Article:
Hebrews 12:28-29  “. . . let us be thankful, and so worship God acceptably with reverence and awe, 29for our “God is a consuming fire.” NIV®   Fire symbolizes God’s presence. It speaks of God’s holiness, purity (refining of silver and gold), and power. God verified his message on Mt. Sinai with fire that came down in one place (Exodus 19:16-18).  Think about the significance of the fire appearing above each Christian gathered at Pentecost instead of being in just one place.

3.  Speaking in foreign languages

The Christians at Pentecost spoke in languages which the onlookers from other countries were able to understand. Jesus had told the apostles (Acts 1:8) that the Holy Spirit would give them power to be his witnesses. The languages opened a great opportunity to be his witnesses when the crowd gathered.

Note: Christians have different opinions about whether or not God always enables people to speak in a special spiritual language or tongue when they are blessed by the Holy Spirit. Let’s look at I Corinthians12:28—31. 28And God has placed in the church first of all apostles, second prophets, third teachers, then miracles, then gifts of healing, of helping, of guidance, and of different kinds of tongues. 29Are all apostles? Are all prophets? Are all teachers? Do all work miracles? 30Do all have gifts of healing? Do all speak in tongues? Do all interpret? 31Now eagerly desire the greater gifts. NIV®  This gift of “tongues” mentioned in I Corinthians is not a foreign language. It is not necessary to have this gift to become a Christian or to be filled with God’s Spirit. The Bible clearly says that not every Christian is expected to speak in tongues.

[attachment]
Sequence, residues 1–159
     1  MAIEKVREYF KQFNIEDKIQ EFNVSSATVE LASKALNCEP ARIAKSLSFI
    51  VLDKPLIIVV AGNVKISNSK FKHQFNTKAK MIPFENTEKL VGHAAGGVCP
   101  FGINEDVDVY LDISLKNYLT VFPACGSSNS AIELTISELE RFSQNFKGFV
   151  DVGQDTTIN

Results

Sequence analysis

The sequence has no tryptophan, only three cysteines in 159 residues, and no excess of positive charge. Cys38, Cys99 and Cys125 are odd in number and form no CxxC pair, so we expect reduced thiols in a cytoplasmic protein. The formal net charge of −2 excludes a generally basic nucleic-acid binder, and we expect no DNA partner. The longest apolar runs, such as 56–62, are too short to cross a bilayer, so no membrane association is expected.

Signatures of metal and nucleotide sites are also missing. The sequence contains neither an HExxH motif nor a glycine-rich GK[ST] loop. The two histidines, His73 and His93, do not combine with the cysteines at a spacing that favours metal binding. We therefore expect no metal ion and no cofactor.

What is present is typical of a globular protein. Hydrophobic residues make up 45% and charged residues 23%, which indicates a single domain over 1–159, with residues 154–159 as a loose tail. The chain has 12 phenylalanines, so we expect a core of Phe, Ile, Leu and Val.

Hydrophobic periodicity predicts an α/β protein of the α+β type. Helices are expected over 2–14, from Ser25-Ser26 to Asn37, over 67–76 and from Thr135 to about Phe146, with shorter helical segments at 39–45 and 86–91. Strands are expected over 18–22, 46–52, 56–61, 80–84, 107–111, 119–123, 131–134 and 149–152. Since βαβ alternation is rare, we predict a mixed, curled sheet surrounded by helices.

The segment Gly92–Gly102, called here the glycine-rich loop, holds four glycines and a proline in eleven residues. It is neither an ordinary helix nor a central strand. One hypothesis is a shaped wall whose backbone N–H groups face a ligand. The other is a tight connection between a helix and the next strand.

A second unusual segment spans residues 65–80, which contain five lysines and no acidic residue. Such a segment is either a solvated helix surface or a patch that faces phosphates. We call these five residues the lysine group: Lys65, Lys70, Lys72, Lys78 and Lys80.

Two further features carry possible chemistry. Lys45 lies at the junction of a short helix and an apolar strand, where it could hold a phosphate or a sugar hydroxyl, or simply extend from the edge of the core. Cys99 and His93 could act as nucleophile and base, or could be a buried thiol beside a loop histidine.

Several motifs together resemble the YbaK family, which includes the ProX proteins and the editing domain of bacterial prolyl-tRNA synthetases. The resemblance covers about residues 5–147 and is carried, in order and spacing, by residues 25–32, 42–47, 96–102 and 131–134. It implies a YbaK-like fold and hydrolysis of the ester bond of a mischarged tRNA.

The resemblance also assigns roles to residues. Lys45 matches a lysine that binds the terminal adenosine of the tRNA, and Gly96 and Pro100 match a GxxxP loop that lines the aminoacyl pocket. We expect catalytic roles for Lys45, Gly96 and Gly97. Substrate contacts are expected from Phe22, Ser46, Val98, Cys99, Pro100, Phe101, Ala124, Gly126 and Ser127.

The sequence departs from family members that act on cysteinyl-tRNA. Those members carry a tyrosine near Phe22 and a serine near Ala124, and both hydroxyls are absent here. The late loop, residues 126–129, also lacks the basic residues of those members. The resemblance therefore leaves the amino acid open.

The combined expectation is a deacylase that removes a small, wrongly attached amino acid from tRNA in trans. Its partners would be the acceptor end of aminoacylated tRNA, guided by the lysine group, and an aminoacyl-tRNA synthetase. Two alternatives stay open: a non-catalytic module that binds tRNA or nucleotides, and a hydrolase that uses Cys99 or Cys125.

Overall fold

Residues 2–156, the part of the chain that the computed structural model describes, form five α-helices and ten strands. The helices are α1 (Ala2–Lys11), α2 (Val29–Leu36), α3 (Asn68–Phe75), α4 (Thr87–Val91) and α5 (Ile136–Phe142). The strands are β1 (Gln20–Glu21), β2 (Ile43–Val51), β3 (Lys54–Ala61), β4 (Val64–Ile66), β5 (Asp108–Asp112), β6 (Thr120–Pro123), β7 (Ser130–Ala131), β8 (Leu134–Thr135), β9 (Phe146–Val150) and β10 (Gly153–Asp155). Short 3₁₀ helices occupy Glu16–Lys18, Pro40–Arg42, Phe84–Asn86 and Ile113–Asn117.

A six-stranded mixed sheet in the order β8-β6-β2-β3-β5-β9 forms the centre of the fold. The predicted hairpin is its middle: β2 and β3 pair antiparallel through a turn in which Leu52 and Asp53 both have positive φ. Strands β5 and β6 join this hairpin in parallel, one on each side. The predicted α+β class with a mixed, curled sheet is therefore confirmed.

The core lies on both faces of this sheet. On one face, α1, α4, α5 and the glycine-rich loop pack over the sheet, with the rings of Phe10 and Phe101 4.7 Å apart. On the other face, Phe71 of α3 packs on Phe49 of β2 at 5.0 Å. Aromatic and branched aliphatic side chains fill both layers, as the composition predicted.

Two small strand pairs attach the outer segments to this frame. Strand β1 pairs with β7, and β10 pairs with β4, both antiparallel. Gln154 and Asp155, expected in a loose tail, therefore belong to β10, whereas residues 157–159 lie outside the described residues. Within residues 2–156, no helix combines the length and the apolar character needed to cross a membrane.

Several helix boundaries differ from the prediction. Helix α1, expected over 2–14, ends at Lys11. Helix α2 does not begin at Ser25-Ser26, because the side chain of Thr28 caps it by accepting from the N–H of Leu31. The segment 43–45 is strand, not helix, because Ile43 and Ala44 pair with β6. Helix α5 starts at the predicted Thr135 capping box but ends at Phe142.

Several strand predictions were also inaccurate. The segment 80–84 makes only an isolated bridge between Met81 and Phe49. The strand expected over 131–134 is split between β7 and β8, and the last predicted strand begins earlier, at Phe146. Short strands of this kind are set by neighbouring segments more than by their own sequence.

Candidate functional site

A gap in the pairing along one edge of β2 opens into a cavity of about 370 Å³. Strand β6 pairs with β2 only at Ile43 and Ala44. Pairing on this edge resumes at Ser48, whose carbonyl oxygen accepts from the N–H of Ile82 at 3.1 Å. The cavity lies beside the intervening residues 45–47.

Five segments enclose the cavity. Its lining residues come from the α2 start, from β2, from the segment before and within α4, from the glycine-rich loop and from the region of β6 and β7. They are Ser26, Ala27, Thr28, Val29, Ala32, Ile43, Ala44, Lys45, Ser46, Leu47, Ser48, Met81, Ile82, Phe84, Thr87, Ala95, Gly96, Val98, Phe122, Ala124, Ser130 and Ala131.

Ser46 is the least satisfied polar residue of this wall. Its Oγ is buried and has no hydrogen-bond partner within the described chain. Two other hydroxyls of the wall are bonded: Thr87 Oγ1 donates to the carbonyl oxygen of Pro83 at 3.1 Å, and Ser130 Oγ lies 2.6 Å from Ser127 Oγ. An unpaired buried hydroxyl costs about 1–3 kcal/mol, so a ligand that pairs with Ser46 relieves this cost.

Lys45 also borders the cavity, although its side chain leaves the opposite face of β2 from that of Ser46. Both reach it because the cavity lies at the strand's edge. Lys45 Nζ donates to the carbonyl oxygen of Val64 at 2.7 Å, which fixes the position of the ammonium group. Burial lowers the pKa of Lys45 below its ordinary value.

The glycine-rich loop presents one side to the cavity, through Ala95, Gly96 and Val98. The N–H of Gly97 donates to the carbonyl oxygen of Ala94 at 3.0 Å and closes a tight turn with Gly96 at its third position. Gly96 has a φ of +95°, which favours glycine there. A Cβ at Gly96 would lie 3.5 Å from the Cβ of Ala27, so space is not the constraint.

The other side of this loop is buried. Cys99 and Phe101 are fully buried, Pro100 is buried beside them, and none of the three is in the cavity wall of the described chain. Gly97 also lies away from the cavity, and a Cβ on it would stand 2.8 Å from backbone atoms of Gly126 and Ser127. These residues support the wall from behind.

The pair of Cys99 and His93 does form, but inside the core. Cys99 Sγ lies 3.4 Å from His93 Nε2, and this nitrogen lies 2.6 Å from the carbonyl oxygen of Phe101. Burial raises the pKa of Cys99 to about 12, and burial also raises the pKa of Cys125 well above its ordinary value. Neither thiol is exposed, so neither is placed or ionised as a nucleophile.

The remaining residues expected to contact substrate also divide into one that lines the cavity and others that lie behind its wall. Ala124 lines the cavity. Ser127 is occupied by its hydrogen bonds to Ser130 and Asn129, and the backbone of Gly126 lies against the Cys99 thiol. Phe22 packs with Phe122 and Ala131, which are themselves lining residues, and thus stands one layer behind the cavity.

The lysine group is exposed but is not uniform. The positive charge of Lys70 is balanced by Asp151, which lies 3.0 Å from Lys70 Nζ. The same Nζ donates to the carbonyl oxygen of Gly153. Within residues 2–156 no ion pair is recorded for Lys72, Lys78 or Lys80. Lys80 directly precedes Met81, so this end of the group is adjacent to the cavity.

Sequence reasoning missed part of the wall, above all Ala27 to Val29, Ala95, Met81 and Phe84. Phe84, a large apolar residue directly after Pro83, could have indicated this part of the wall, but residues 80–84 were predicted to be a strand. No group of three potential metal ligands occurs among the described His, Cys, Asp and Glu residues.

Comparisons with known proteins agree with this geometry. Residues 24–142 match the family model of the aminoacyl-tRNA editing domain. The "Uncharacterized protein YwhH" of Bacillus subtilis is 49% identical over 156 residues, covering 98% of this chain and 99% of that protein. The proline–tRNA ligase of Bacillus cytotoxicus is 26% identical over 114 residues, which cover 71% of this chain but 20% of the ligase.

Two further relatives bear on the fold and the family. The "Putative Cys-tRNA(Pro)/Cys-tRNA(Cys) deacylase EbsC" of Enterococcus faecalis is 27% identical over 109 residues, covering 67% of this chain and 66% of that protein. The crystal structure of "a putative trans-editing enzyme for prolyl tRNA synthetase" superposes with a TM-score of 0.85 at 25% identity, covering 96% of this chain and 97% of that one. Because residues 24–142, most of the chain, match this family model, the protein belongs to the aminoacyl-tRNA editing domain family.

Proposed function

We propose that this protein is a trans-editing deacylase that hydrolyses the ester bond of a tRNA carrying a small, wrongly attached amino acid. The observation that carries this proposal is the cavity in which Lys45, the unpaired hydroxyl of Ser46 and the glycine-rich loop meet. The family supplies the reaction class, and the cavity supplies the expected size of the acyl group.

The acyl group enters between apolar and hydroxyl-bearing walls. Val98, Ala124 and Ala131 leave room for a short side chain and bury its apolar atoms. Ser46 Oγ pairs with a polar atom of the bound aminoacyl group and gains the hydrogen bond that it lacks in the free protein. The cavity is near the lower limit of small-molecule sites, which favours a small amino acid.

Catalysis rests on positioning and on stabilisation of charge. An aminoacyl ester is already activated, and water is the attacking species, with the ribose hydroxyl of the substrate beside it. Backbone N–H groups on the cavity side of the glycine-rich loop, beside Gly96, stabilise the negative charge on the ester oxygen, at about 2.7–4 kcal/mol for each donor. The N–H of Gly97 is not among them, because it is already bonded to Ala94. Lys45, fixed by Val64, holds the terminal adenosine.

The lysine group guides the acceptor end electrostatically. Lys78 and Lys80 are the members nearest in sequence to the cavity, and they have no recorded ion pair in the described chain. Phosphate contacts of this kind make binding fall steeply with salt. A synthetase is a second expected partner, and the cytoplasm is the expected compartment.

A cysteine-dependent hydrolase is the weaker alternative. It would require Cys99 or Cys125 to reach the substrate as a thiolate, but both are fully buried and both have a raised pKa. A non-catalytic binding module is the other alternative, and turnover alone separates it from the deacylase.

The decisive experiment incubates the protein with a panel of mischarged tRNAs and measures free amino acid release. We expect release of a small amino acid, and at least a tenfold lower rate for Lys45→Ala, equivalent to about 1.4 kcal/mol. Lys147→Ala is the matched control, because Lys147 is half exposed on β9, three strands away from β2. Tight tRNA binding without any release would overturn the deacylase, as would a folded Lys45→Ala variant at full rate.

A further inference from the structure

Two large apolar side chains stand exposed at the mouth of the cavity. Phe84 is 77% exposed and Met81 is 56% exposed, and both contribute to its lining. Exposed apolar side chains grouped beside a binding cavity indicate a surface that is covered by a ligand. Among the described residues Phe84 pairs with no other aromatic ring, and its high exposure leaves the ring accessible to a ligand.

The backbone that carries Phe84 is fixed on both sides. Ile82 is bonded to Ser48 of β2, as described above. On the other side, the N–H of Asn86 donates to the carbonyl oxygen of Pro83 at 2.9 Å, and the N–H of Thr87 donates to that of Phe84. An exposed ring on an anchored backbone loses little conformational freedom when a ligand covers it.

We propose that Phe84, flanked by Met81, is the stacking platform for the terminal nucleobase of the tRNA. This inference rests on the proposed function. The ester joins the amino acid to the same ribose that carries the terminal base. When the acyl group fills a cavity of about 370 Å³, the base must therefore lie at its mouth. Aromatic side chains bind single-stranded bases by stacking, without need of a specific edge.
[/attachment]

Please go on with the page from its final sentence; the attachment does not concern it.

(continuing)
II.   Peter’s explanation to the crowd
Acts 2:14-17 Then Peter stood up with the Eleven, raised his voice and addressed the crowd: “Fellow Jews and all of you who live in Jerusalem, let me explain this to you; listen carefully to what I say. 15These men are not drunk, as you suppose. It’s only nine in the morning! 16No, this is what was spoken by the prophet Joel: 17 ‘In the last days, God says, I will pour out my Spirit on all people. Your sons and daughters will prophesy, your young men will see visions, your old men will dream dreams. . .’” NIV®

The “last days” is the time between Jesus’ first coming and his return to rule the earth.  Joel’s prophecy was for that whole time period, beginning with Pentecost. Read Luke 21:10-28 for more details. Another Old Testament prophet, Jeremiah, predicted the new covenant (testament) when God would put his law in people’s minds and hearts directly (Jeremiah 31:31-34). We are living in that time.